Beyond the normal gossip and chitchat, we knew what was going on in each other’s lives, because we shared, in every sense of the word.   And often, no words were spoken.  We simply sat there under the warm, waning sun, breathing in the heady scent of my grandmother’s roses, and relishing the moment.  Usually, fruit was brought out onto the stoop as well as napkins and a single knife.  The sweets that permeate the aisles of supermarkets were foreign to us, for there was nothing better than a ripe piece of fruit on a sultry eve.  I would watch in fascination as my grandmother expertly carved a fat honeydew melon, the juice running between her fingers, the flesh chartreuse and succulent.  We shared with the neighbors, and they shared with us.   The best were my grandmother’s sweet-tart peaches in wine, but I could only partake in such forbidden fruit if my father was not present.


When I was nine years old, my dad took mercy on me, the little music nut, and bought me a transistor radio.  It was a luxury for a family of our means, and still considered new technology.  My parents often had to pull that radio out from under my pillow, as I’d go to sleep with a smile on my face, on the music and voices of Stevie Wonder, The Supremes, Aretha, and other Motown greats.  Having become accustomed to his old plug-in radio, my grandfather never really understood my transistor radio, or why it had to come with me everywhere.


One warm spring night, my grandmother sent us up a big bowl of pasta fagioli (cannellini beans, tomatoes, garlic, and basil).  As incongruous as that dish was on such a warm evening, the comfort food was welcome, for my mother had been hospitalized for surgery; the doctors had found a lump in her breast.  My dad, sister, and I chewed on in uneasy silence until the light in the kitchen winked out on its own and so did every other light and electrical appliance in the house.  Every house on the block was out, in fact, and so was the entire neighborhood, and neighborhoods miles beyond.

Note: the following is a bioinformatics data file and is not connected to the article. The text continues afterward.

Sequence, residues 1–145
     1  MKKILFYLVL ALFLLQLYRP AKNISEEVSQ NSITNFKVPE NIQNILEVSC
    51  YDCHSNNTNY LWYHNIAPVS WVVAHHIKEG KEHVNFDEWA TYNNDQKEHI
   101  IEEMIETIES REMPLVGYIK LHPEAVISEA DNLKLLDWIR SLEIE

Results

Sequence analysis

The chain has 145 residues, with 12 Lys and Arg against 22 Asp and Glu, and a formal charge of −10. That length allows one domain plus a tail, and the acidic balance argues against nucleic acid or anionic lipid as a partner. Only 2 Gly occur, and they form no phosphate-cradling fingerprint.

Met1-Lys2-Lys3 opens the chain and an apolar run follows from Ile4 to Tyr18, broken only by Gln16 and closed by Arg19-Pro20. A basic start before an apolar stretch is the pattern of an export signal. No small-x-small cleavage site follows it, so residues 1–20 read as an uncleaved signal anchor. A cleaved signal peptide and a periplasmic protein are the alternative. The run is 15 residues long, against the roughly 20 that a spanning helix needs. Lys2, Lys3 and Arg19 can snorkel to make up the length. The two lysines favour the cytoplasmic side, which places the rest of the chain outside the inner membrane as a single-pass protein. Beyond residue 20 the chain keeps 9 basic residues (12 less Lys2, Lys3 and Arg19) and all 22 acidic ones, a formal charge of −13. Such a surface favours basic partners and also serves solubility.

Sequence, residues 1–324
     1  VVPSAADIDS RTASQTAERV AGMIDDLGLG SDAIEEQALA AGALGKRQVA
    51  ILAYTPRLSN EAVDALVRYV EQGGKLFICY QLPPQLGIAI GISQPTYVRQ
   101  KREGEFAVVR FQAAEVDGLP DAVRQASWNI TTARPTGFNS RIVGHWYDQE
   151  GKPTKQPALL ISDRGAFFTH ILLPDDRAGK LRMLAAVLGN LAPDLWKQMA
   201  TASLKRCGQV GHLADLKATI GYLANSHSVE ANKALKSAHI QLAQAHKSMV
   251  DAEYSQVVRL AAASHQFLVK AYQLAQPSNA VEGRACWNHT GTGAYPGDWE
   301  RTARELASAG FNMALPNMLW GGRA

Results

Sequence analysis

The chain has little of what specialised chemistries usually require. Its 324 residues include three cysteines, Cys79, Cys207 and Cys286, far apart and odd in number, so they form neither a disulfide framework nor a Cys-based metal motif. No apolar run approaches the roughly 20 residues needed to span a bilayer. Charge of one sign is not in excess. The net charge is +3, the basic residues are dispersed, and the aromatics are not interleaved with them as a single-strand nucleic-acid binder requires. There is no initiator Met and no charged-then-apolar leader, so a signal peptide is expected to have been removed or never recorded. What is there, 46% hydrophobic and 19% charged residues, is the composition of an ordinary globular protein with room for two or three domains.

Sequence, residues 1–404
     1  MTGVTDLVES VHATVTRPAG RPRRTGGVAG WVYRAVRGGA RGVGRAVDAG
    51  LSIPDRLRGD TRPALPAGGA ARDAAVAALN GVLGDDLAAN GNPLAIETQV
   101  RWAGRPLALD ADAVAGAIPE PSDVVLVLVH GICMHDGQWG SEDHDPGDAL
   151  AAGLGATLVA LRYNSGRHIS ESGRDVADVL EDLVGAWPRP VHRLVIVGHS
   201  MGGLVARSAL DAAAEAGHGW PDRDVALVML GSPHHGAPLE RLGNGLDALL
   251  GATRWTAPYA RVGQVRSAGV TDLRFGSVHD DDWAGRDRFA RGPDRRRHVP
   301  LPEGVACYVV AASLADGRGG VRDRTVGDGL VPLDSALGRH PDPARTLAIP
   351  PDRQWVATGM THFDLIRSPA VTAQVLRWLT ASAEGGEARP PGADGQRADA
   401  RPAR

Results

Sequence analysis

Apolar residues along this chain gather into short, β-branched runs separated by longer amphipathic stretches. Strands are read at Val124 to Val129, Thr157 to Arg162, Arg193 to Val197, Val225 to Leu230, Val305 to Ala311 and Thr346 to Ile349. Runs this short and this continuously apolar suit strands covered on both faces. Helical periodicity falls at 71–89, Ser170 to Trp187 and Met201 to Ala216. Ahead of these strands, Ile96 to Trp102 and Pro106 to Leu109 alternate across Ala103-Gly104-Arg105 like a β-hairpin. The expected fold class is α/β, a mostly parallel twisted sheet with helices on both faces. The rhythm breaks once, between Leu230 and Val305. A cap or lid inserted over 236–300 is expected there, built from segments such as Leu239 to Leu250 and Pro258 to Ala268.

Quietly, the adults panicked.  They tried to tame their fear but the scent of it was almost palpable.  My parents had lived through mock air raids, and so had I; my granddad and father had served in the great World Wars.  Robbed of our televisions and radios, we were in the dark in more ways than one.


I reached for my transistor radio and tuned into the news, to discover that much of New York City and her outlying boroughs had been hit by a blackout: a power failure of unprecedented scope.  “Let’s calm everyone down,” my dad nodded, and so, we stepped out onto the stoop.


My grandfather, who had eschewed my transistor, was astounded and greatly relieved.  Immediately, he commandeered my little radio and mouthed in awe, “Yes!  It works on batteries!“  When the neighbors joined us, we were all silent as we heard of the massive blackout and how far it had spread.